Nose to the grindstone

My supervisor fired the gun on the MA dissertation last week; he wants a draft chapter by 5th July (and its been suggested that we submit our worst chapter). Erk. Note to self: next time he asks me when I’m thinking of submitting… say the deadline, idiot, not the middle of August!

[although, seriously, I do want a break before the PhD kicks off; I’ve got a talk to give in early September which I have to write, and a wedding to attend (not mine) as well as a 2 day training course at the end of September – I think a break will be much needed and highly valued. And if I’m honest with myself, this deadline is what I need. I work better to deadlines.]

So I’ve dusted off my PDFs of primary sources that I collected ages ago and taken an evaluative look at them. These are consistory court records from Herefordshire (from Herefordshire Archive and Record Centre or HARC, to be specific), from the 1670s, where a number of Foulkes’s parishioners took him to court over his affair with Ann Atkinson – this was in the years before the calamitous events that occurred in London and which led to Foulkes’ execution. There are ten PDFs altogether; the largest has 120 or so pages, the smallest just one. Altogether, there are something like 800 pages, which is an awful lot to try to read in a short space of time (especially given that they are handwritten). However, I do have some advantages; some 100 or so pages are in Latin and are likely to be official court documents. These I will leave for now, because a) my latin is pretty awful (at the moment) and b) I’m not sure how much is to be gained by wading through them that I cannot get from the other documents, which are all in English. These are things like lawyer’s records, notes that were passed between various people in the court (quite a few from Foulkes himself) and many, many depositions. The writing is pretty awful – I’d post a sample, but copyright does apply and I’d need to get permission from HARC – so, I thought, time to brush off the palaeography how-to notes from a module I did last year with the MA.

Surprisingly, I found that I could read something like 75-80% of the clearest document  (start with the easier one, always – it takes time and practice to ‘get the eye in’). I’ve worked through a couple of lengthy depositions from that collection, which is twenty six pages of depositions by eight people. These are what we would today call ‘statements’, with a few latin phrases, dated and signed in some way by the person giving the deposition. The first, by a chap called Richard Hopton, was one of the members of the ‘combinators’ (as they called themselves) bringing the case against Foulkes. He refers to Foulkes as ‘very contentious and quarrellsom’, says that Foulkes ‘disturb[s] their peass and quiett’. He goes on to say that Foulkes ‘had a bastard’, which was ‘begotten by him on the body of Ann Atkinson’. The second, that I have worked through so far, was by William Hopton, younger brother of Richard. He starts out by referring, like his brother, to Foulkes as ‘a quarrellsom and contentious spirit’ who was ‘endeavouring to disturb the peace and quiet of this neighbourhood and parish by threatening and abusive words’. He said that Foulkes called him ‘a sonne of a whore’, and that Foulkes would often refer to Ann’s mother, Elizabeth, as a whore and an old baud. Lovely!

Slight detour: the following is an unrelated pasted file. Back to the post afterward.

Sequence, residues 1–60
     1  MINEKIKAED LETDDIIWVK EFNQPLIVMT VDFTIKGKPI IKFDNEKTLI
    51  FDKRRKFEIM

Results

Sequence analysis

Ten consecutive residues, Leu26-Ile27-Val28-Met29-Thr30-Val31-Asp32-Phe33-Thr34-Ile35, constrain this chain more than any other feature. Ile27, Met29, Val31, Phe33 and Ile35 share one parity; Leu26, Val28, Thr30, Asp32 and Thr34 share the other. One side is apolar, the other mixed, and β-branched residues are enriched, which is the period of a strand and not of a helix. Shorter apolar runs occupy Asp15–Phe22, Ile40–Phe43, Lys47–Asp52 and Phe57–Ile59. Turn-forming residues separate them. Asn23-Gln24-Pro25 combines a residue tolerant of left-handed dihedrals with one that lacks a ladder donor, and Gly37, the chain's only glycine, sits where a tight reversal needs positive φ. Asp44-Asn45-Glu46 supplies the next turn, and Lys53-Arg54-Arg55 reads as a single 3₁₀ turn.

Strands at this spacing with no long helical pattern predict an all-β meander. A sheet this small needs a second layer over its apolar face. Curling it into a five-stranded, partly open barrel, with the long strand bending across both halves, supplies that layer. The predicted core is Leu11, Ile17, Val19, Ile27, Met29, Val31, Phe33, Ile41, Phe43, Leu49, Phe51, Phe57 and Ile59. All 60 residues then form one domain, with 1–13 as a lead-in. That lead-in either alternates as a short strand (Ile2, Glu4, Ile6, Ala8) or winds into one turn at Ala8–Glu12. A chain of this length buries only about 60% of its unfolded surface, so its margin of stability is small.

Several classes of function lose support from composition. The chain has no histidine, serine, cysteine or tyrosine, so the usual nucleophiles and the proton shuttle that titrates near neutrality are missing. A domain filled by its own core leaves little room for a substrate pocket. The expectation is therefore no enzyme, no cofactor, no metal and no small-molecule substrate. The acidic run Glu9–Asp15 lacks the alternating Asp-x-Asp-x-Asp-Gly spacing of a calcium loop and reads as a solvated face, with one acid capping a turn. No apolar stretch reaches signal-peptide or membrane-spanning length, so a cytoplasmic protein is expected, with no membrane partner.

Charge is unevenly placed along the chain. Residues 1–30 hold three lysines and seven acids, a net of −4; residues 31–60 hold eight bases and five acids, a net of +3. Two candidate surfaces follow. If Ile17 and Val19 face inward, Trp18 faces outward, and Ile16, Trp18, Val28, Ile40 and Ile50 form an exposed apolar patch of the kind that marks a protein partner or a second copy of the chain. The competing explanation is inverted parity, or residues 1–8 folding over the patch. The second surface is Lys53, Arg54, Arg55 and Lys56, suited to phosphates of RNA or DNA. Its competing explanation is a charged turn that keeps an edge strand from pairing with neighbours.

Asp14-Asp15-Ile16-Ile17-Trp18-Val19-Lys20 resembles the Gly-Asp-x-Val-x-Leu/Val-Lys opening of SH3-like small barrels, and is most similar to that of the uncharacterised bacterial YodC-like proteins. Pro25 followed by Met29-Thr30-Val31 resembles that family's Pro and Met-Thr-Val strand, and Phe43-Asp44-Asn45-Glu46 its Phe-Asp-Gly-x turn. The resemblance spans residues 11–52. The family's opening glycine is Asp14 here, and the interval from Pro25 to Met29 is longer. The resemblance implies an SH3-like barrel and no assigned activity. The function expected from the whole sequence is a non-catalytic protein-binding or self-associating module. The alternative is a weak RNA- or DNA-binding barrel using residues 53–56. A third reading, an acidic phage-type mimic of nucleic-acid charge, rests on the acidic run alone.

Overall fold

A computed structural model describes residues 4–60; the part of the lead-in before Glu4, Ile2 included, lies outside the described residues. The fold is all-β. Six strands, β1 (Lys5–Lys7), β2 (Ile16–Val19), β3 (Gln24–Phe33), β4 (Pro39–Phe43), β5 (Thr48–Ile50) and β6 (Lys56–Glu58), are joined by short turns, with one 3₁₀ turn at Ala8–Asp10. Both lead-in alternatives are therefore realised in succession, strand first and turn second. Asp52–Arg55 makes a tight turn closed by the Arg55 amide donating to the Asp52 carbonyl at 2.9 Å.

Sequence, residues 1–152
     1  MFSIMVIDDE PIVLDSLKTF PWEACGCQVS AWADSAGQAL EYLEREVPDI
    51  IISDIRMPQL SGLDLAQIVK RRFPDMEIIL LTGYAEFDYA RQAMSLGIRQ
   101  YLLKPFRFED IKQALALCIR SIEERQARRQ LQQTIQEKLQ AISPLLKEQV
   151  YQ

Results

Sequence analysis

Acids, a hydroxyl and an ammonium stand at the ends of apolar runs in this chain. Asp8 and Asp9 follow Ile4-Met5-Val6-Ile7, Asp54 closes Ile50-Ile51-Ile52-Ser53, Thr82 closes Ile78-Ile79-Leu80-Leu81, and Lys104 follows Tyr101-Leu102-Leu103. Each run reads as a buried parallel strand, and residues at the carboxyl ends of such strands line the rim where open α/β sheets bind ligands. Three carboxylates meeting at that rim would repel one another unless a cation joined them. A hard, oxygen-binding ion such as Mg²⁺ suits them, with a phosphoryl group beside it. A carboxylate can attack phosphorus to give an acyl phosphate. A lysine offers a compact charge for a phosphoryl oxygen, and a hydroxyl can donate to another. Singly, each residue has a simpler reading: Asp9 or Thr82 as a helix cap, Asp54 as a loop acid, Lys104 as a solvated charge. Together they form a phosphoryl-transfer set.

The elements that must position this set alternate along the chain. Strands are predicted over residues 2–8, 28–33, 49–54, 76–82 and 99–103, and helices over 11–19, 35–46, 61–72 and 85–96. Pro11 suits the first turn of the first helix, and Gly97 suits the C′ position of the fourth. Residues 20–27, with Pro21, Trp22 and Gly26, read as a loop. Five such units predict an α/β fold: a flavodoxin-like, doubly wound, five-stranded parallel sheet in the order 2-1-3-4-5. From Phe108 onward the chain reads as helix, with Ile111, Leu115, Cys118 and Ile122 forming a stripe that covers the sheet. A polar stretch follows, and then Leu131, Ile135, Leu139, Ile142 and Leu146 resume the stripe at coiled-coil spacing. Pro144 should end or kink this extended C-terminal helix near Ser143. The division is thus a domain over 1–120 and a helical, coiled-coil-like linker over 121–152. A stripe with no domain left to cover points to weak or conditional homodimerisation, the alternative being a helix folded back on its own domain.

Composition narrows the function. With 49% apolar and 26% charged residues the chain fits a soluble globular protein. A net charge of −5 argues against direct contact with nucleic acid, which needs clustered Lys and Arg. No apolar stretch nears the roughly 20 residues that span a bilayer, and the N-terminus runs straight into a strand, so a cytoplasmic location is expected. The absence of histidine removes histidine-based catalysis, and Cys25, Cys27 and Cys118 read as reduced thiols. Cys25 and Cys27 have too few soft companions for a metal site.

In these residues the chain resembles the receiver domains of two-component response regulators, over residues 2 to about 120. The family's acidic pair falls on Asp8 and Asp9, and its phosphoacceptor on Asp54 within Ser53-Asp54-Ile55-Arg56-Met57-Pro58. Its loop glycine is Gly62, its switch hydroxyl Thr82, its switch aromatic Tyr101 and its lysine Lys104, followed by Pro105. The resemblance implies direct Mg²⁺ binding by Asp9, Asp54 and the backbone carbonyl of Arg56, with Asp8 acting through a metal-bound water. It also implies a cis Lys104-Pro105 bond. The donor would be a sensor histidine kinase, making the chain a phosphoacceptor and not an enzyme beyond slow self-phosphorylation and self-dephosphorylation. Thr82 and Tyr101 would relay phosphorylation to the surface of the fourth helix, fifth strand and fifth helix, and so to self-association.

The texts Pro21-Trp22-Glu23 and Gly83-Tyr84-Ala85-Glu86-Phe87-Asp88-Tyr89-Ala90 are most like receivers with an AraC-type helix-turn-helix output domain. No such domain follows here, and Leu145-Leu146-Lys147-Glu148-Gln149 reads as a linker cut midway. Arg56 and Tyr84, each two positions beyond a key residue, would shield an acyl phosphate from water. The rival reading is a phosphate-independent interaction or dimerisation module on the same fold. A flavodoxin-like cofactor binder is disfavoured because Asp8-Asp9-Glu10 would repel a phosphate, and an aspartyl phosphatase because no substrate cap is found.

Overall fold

There’s no real conclusion to this; other than that to reflect that the Hopton brothers seem determined to paint Foulkes in the worst terms possible (perhaps understandable, given that they were part of the conspiracy against Foulkes). There’s a but, though. There are words that I am currently unable to read; and because of that, I don’t fully understand everything that has been said in the statement. Less than ideal, obviously and a situation that I have to correct, fairly urgently.

I’ve arranged a meeting with my supervisor early next week because I think many of the words I can’t read are either abbreviations (Early Modern clerks adored abbreviations – it saved paper and ink!) or latin phrases, and I think he’ll be able to help with that. Beyond that though, its a case of nose to the grindstone to try to get some of these documents read. Not necessarily transcribed, just read. At the moment I am, of course, making notes as I go along, but that’s different to transcription, which is a word for word, letter for letter copy of exactly what is on the page but in a print format (some of the conventions adhered to by transcribers can be seen here). Transcription will have to be done eventually, as I think I will return to this case again and again – the material from this case can be used in a number of different ways. But for now, with that deadline looming, its a case of getting as much read as I can, so that in a few weeks, I can crack my knuckles and bash out a draft chapter of my dissertation.

So for now, keep reading, trying to make sense of what I can, and make notes as to the bits that I can’t read. It keeps life interesting, anyway!

immersed in the archives

I spent last week immersed in the archives in Hereford, and I had a great time while I was down there. I am lucky enough that my mother lives nearby so I at least have somewhere to crash; this makes doing this research vastly easier. I went there with three aims:

  1. to check out the sources for my proposed PhD subject, to ensure that there are enough sources for me to study what I plan to study, and what kind of sources there are;